Two of the reviews measured the absolute benefit of mammography using the number of women needed to invite to screening for 10 years to prevent one breast cancer death: for the UPSTF review, 377 to 1,904 women (depending on the age and number of screening rounds in the different randomized trials); and for the Nordic Cochrane Review, 2,000 women.

Whereas the other two reviews measured the absolute benefit of mammography using the number of women needed to screen to prevent one breast cancer death: for the U.K. review, 180 women screened every three years over a 20-year period; and for the EUROSCREEN review, 111 screened every two years over a 20-year period.

Smith explained that in the studies that measure invitation to screen, approximately 30 to 40 percent of the women in those trials did not attend all screening rounds, so the effectiveness measures decrease based on non-attendance in the women who never actually had a mammogram, despite being invited to screen, and still ended up dying of breast cancer. “Measuring exposure to screening is preferable, since invitation to screen is not likely to help a woman unless she actually attends screening.”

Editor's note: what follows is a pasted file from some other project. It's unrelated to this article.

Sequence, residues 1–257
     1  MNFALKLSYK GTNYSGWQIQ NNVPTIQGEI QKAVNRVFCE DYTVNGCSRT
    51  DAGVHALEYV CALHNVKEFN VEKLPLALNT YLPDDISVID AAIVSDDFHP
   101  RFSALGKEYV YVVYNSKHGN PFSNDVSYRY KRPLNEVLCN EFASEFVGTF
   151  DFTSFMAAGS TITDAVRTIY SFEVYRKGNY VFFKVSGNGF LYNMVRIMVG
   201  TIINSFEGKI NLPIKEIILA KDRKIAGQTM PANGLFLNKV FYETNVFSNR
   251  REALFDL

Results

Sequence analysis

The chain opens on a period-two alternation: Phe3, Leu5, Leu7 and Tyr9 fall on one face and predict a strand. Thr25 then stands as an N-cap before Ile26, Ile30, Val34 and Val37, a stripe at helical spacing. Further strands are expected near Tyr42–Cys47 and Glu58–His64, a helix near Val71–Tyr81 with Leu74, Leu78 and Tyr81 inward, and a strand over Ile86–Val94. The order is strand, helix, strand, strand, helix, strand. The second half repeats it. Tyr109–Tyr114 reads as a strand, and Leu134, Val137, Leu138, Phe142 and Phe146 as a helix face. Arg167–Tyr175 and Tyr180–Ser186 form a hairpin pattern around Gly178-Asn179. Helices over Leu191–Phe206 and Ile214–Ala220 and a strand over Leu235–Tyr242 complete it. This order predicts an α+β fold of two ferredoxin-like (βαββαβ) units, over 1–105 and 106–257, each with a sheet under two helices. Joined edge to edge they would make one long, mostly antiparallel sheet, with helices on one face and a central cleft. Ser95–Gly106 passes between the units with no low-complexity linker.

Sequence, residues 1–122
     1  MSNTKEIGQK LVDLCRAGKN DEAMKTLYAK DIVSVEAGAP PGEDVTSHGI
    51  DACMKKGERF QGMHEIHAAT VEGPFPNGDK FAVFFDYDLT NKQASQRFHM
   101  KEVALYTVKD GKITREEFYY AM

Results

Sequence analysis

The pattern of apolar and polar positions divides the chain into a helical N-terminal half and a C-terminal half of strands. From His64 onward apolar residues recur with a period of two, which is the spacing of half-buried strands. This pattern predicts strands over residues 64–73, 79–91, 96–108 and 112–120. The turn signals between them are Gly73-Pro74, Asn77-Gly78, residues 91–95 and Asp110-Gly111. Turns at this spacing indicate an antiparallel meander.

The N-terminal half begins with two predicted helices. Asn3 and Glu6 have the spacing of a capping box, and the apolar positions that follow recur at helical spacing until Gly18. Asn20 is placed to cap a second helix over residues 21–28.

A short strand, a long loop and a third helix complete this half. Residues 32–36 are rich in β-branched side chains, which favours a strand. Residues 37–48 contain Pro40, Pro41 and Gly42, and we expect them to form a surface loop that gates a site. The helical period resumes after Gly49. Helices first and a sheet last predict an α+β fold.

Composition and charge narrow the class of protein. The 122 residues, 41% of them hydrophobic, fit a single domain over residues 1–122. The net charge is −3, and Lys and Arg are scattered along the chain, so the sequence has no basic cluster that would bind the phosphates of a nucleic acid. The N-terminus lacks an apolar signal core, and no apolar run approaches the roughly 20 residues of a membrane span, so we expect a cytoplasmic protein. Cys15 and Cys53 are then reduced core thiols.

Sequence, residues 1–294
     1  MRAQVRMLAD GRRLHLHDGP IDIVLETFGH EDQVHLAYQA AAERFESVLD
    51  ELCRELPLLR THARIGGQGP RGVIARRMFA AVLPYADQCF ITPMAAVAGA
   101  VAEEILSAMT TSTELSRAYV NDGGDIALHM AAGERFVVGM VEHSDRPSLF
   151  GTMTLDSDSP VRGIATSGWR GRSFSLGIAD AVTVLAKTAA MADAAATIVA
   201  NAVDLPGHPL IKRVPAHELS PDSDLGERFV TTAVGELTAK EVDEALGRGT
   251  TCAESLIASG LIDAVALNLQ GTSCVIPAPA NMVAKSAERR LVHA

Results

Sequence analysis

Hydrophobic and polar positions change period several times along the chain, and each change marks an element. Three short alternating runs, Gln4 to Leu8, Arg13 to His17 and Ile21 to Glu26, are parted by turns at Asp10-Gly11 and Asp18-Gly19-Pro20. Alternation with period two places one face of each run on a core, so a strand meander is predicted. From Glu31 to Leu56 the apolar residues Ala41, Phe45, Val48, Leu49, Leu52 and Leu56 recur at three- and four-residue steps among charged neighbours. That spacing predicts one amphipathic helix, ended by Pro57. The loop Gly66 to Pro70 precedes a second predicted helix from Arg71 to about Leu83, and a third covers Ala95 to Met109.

The other variable that would could largely skew results was the duration of follow up in each of the studies, which ranged from 10 to 30 years in the four reviews. With longer follow-up data, the number of women needed to screen to prevent one breast cancer death steadily improves, he said—i.e., more deaths are prevented because the number of deaths among women not exposed to screening steadily increases over the follow-up period.